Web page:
Document Type

Article

Publication Date

11-2018

Publication Title

Studia theodisca

ISSN

2385-2917

Volume

25

First Page

27

Last Page

48

DOI

https://doi.org/10.13130/1593-2478/10786

Abstract

In Der abenteuerliche Simplicissimus (1668) Grimmelshausen depicts the Hungarian Hutterites as an ideal society, focusing predominantly on the ethics and social structure of this communal branch of Anabaptism. In this critical reading, I explore how Grimmelshausen fictionalized the religious minority, its commitment to particular social structures and ethical aspects, and its separation from society. As part of this analysis, the study investigates which social and religious principles drawn from polemical accounts and contemporary sources influence and counter the minority’s image as an ideal society and how this image of the religious group supports the novel’s notion of utopia.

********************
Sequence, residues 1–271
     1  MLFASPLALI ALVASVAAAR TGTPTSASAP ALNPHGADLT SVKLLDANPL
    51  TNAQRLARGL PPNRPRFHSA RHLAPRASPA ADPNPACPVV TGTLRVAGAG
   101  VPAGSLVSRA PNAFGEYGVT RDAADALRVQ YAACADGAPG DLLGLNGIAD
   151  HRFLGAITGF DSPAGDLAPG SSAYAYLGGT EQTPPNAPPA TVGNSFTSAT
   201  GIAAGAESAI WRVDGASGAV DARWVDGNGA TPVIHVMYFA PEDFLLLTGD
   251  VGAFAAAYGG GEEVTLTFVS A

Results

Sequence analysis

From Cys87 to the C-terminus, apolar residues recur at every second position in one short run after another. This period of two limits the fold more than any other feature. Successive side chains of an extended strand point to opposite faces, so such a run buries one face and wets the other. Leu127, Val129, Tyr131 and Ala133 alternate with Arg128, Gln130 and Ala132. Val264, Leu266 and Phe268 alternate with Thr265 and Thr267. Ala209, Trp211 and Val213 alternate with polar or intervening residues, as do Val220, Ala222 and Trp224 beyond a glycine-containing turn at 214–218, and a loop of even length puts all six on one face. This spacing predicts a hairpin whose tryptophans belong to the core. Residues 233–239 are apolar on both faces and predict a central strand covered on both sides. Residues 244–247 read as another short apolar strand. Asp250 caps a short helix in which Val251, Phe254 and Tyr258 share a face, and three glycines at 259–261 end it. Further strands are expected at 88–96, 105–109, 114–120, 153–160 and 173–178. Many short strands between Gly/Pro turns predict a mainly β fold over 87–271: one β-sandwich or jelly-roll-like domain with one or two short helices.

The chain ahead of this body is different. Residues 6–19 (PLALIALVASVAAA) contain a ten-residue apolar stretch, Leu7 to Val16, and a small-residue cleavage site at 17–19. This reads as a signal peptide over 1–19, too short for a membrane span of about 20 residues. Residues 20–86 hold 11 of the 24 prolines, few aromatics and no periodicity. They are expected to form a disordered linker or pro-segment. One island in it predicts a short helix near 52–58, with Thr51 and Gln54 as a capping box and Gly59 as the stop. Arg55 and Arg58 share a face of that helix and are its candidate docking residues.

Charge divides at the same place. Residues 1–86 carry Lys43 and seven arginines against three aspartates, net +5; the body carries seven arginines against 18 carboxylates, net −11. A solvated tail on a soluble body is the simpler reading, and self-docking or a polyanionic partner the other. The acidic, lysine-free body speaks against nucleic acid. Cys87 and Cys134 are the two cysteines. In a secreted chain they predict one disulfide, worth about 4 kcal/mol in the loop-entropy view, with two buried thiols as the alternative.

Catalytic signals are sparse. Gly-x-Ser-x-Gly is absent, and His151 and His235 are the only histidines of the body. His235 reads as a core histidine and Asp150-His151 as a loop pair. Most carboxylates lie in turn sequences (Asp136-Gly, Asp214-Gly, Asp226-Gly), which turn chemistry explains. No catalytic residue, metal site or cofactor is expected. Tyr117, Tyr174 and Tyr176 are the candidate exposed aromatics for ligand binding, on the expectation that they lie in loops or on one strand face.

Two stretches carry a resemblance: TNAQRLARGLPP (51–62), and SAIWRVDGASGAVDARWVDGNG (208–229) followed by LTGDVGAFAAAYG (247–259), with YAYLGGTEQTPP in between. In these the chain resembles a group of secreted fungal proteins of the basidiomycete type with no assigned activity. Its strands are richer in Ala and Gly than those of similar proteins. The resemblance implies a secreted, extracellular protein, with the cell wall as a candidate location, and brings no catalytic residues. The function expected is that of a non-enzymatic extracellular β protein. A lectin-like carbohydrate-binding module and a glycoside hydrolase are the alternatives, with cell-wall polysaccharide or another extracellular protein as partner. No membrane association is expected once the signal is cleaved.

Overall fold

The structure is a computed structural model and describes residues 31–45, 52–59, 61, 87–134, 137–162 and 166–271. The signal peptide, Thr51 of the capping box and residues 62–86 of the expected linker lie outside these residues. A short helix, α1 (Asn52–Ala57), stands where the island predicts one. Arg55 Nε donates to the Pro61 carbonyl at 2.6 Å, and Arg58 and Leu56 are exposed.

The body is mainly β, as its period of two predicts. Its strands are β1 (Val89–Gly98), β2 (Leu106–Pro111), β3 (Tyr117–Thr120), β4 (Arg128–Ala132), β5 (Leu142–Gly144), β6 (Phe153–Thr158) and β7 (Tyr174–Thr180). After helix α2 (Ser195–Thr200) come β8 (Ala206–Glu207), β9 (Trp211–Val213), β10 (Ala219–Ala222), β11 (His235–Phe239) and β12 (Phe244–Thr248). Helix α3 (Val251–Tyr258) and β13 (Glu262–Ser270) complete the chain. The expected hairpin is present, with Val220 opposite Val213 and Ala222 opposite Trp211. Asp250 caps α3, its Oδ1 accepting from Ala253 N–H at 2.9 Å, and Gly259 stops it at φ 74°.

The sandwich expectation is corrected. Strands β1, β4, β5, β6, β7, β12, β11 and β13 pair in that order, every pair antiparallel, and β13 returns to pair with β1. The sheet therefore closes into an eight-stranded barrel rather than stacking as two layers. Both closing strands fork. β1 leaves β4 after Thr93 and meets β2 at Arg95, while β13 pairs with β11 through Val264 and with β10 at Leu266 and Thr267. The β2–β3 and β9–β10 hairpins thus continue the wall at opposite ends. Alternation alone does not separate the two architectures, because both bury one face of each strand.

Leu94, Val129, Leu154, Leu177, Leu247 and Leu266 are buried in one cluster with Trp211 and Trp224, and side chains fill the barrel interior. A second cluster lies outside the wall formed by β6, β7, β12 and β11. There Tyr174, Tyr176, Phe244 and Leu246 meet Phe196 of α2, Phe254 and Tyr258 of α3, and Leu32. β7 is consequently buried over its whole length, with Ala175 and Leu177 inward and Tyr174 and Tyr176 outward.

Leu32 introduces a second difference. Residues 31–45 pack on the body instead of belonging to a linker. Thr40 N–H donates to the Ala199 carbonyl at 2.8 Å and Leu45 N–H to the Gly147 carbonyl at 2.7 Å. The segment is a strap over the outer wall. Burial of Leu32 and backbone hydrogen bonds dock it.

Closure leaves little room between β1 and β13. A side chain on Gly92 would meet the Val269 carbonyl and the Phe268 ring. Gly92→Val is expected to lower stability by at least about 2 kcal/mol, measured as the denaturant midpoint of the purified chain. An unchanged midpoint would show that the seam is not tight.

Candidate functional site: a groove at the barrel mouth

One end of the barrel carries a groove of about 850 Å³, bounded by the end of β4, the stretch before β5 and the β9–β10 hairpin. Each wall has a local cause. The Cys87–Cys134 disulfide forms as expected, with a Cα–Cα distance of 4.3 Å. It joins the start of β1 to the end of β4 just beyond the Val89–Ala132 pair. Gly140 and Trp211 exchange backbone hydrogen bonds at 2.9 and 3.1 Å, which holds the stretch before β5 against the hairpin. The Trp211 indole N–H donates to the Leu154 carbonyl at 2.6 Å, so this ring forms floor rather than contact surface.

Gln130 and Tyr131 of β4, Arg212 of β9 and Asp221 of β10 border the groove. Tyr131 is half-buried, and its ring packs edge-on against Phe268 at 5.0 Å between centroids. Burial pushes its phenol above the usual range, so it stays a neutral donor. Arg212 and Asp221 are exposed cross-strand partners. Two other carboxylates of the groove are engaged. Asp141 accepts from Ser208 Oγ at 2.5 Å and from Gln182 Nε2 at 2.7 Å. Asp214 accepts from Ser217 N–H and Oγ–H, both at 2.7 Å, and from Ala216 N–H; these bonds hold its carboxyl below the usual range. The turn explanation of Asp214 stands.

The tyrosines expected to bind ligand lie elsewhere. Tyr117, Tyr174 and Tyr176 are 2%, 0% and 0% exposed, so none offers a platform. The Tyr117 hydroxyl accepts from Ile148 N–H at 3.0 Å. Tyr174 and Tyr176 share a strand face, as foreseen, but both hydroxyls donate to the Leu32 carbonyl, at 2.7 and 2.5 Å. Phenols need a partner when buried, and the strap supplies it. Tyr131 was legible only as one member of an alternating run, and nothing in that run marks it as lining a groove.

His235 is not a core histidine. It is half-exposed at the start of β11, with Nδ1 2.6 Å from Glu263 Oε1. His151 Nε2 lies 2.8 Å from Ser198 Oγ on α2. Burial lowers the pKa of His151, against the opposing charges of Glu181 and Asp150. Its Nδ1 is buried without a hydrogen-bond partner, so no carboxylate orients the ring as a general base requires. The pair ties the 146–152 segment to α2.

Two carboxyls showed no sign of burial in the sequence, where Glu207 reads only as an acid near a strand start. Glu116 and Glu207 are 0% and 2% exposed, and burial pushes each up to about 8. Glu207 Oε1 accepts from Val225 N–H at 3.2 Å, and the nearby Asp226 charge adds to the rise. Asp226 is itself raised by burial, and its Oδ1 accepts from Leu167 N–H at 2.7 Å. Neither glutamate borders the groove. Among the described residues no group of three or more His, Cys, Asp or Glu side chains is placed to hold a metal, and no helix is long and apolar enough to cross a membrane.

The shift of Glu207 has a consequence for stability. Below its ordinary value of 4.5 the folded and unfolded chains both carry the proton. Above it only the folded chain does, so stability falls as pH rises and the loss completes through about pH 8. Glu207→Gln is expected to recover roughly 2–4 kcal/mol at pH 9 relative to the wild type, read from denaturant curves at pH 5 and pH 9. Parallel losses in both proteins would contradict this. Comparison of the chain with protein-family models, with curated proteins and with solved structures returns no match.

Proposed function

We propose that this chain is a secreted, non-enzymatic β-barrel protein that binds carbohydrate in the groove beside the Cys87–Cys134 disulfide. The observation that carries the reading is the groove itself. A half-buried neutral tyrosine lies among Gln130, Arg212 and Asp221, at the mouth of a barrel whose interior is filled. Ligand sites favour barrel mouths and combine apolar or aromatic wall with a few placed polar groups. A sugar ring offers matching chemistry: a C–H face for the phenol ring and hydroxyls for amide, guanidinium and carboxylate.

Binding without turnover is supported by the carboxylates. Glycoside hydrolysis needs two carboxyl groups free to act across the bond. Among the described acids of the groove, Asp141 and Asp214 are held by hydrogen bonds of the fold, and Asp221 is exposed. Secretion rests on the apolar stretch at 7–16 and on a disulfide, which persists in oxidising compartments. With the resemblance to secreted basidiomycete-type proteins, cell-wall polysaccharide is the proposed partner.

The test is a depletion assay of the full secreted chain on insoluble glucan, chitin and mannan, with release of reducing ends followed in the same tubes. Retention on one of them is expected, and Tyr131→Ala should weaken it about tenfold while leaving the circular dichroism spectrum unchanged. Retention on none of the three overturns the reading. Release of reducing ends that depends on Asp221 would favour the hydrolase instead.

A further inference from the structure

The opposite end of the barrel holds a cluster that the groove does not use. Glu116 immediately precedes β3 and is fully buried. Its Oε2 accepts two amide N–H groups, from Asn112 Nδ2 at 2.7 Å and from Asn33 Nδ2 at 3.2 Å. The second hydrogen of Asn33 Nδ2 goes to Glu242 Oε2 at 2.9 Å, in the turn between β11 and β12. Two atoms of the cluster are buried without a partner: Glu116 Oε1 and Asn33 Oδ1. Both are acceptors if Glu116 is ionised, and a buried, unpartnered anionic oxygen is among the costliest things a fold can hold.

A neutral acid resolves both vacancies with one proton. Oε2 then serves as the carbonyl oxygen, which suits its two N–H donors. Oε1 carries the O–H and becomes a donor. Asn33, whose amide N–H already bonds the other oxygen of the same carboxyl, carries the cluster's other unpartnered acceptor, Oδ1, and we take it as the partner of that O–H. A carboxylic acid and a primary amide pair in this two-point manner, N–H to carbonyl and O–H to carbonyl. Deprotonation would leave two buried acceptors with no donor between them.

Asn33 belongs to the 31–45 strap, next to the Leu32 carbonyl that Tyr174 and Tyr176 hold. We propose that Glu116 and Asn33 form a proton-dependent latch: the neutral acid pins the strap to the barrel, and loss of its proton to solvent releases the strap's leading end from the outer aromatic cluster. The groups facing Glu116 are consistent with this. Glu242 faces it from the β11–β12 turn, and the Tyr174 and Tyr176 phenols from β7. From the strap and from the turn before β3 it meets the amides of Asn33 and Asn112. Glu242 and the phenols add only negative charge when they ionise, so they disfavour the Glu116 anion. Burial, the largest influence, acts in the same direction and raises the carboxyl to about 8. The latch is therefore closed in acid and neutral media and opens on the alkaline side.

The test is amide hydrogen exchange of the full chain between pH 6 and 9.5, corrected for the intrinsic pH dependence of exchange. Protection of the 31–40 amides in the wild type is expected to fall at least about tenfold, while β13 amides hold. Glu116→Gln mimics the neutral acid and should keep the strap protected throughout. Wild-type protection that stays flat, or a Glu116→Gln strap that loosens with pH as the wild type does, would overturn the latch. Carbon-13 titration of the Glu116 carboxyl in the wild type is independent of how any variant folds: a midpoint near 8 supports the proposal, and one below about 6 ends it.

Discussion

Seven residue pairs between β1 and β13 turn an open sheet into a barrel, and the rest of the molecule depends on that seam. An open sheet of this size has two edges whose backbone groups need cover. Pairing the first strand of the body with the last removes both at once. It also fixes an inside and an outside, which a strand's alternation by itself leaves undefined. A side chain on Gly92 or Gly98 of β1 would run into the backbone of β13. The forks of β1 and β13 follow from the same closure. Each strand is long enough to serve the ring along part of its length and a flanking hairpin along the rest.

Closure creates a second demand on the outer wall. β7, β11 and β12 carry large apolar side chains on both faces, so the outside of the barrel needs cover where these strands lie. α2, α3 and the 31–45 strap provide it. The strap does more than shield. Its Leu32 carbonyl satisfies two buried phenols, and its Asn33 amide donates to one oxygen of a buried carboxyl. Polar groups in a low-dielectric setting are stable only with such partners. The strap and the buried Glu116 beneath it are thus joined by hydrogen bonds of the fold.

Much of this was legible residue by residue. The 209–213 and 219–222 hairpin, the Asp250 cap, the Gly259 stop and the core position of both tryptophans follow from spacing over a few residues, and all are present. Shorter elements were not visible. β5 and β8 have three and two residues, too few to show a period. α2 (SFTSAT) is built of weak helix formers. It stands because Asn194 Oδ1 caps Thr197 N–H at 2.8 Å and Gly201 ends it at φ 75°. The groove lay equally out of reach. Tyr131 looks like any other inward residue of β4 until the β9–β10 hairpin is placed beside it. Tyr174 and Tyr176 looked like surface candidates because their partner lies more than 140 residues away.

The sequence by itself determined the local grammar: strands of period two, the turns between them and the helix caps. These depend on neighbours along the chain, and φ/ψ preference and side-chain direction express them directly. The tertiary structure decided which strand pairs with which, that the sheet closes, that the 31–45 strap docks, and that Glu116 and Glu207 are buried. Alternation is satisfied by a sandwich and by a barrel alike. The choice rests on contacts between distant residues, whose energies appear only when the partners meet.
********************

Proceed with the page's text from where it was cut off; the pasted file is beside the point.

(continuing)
Creative Commons License

Creative Commons Attribution-Noncommercial-No Derivative Works 4.0 License
This work is licensed under a Creative Commons Attribution-Noncommercial-No Derivative Works 4.0 License.

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